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Mobile advertising yet to convince big brandsMobile advertising yet to convince big brands

James Middleton

June 3, 2008

3 Min Read
Mobile advertising yet to convince big brands

It seems as though the mobile industry has become obsessed with advertising of late, hyping the medium up as ‘the next big thing’ in terms of revenue generation. But analysts warn that the market has become so consumed by short term hurdles that it is failing to focus on the longer term strategic issues required to turn mobile advertising into a multi-billion dollar industry.

Industry analyst and telecoms.com parent, Informa Telecoms & Media, forecasts that the global mobile advertising market will rocket from $1.72bn in 2008 to $12.09bn by 2013.

However, the analyst reveals that the majority of early adopter big brands are yet to transfer more than 0.5 per cent of their advertising budget onto mobile. While this is in part down to the much maligned issues of non-existent measurement and premium pricing associated with early formats of mobile advertising, the analyst argues that these are short term hurdles.

Instead, the mobile advertising industry would be better served concentrating on educating the consumer and providing a visible and measurable return on investment to the brands.

At present around 80 per cent of mobile advertising revenue is generated by mobile content providers.

“The mobile content market is creating the mobile advertising opportunity, while the big brands remain sceptical about the return on investment that will justify the premium rate card already associated with this emerging medium,” said analyst Nick Lane. “The situation will change, but the plethora of companies looking to get a slice of the revenues must remain patient. Releasing the big brands’ spend is key to unlocking the potential of mobile advertising.”

Lane believes there is an absence of innovation in mobile advertising that has enabled the industry to accept internet-based models devoid of the functionality and capability that mobile technology delivers. “True mobile advertising does not exist today; what we are referring to is ‘advertising on mobile’. When mobile advertising combines user profiling, location and communication with unique mobile inventory, the industry can justify charging a premium rate over existing immeasurable advertising channels,” Lane said.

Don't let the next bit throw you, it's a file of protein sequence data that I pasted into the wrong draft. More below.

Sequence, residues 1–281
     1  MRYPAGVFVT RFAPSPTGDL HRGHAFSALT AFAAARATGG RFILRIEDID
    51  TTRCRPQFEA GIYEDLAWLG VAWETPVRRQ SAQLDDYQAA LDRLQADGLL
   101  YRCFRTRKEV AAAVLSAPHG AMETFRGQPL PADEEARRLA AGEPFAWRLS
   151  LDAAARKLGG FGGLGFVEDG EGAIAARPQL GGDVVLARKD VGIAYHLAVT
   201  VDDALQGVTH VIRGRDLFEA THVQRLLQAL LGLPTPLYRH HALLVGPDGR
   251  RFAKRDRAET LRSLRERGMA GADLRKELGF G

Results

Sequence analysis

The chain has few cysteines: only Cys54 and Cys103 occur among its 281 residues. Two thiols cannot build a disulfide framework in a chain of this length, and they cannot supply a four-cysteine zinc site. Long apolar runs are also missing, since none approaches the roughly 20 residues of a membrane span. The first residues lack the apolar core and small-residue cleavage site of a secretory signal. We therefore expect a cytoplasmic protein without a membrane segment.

Informa believes the adoption of true mobile advertising can be spurred by utilising unused mobile ad inventory such as banner ads to advertise mobile advertising itself, as well as encouraging consumers to visit a WAP site explaining the benefits of mobile advertising, such as subsidised or free mobile services, as pioneered by players like Blyk.

Blyk makes an interesting case in the mobile advertising sector. When the firm announced its plans, more than a few eyebrows were raised, but now the company claims that teh industry is coming around to the idea, largely encouraged by average advertising response rates of 29 per cent. Compared to other forms of mass market advertising, this figure is phenomenal when compared to a 0.5 per cent response rate for online advertising and 4.5 per cent from unprofiled SMS.

Something which Blyk also does and Informa encourages, is for operators to allow the consumer to control the extent of adverts being delivered to their mobile device, based on activity and location requirements.

This article is based on a new report from Informa Telecoms & Media, ‘Mobile Advertising: Cutting through the Hype

About the Author(s)

James Middleton

James Middleton is managing editor of telecoms.com | Follow him @telecomsjames

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